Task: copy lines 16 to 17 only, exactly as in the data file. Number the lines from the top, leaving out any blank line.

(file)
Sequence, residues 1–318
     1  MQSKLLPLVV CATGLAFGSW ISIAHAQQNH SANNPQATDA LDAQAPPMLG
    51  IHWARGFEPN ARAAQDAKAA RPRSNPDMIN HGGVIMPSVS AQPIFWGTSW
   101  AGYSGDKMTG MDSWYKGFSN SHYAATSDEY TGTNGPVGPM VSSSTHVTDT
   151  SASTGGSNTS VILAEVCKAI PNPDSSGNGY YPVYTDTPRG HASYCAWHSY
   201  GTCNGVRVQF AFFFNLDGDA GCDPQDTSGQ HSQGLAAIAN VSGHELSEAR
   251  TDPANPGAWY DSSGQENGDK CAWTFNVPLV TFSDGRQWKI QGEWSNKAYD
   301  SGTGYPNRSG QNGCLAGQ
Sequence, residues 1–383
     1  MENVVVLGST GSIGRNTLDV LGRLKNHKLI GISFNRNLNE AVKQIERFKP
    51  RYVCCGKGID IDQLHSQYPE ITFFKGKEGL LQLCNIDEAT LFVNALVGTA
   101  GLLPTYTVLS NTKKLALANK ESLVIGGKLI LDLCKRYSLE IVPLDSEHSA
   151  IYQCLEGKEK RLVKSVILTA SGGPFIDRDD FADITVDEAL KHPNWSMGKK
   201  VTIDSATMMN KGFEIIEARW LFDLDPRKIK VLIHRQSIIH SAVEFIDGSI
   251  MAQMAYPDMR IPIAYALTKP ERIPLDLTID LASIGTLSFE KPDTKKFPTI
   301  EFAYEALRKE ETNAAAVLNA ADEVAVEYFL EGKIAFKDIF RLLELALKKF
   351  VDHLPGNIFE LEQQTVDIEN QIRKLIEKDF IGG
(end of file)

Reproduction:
   301  EFAYEALRKE ETNAAAVLNA ADEVAVEYFL EGKIAFKDIF RLLELALKKF
   351  VDHLPGNIFE LEQQTVDIEN QIRKLIEKDF IGG